There are a lot of reasons why you should get yourself to Music Farm on Thursday, Nov. 16, to see the rap group Bone Thugs-n-Harmony.
Here’s one you might not realize: As the group first credited with adding harmonizing vocals to fast rap, Bone Thugs-n-Harmony paved the way for a multitude of artists, including the Canadian superstar Drake, who gave the group credit earlier this year for influencing his sound.
“When they started, they were ahead of their time,” says the Music Farm’s Trae Judy. “They still put on a great show. Plus, any time you can see a multiplatinum, Grammy Award-winning act, you should do it.”
Members of the group, according to its Facebook page, are Krayzie Bone, Layzie Bone, Wish Bone, Flesh-n-Bone and Bizzy Bone.
Here are a few additional tidbits about this pioneering group.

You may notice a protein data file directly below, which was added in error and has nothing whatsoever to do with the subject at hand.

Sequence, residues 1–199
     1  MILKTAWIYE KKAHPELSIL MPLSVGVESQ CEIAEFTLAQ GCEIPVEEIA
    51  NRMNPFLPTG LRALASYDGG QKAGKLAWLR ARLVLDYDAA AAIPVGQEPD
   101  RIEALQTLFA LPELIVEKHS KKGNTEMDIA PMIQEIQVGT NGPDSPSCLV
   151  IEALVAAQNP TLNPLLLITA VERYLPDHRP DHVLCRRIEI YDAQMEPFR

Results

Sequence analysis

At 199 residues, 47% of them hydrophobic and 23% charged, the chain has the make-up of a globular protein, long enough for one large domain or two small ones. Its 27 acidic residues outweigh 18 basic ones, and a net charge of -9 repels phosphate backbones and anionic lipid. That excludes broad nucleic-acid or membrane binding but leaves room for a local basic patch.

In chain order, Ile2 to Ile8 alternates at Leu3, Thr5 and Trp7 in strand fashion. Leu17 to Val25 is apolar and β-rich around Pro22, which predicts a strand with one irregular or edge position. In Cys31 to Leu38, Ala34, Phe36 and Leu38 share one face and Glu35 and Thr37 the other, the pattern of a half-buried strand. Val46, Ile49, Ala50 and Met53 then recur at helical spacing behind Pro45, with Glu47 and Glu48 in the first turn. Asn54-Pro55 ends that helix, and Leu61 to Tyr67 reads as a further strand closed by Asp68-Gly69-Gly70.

1. Friends since junior high school, the band’s original members reportedly perfected their harmony performing in the hallways of Cleveland’s Franklin D. Roosevelt Junior High School between classes.
2. After taking the bus from Cleveland to Los Angles to meet their idol, NWA frontman Eazy-E, the group ended up performing for him over the phone.
Weeks later, when Eazy-E was in Cleveland to perform, the group talked their way backstage, found the star and auditioned again, this time in person.
He became their mentor and produced their first record, “Creepin on ah Come Up,” which went multiplatinum.
3. In 1997, the group won the Grammy Award for best rap performance for “Tha Crossroads,” a soulful dedication to lost loved ones from their second album, “E 1999 Eternal.”
The breakaway hit remains so popular that, in 2016, a version performed by the characters of “Sesame Street” appeared on YouTube. It has received more than 4.6 million views.
4. Bone Thugs-n-Harmony’s sound was so distinctive that it gave rise to a sub-genre of gansta rap, “The Cleveland Sound.”
5. Michael Jackson gave permission for the group to sample one of his songs in 2009’s “What Have We Done.” He also appeared in the video.
If you go
WHEN: 9 p.m. Thursday, Nov. 16. Doors open at 8 p.m.
WHERE: Music Farm, 1022 Senate St.
TICKETS: $30 in advance or $35 at the door.
WORTH NOTING: Ages 18 and up only. Attendees under 21 must pay a $3 surcharge (cash only) at the door.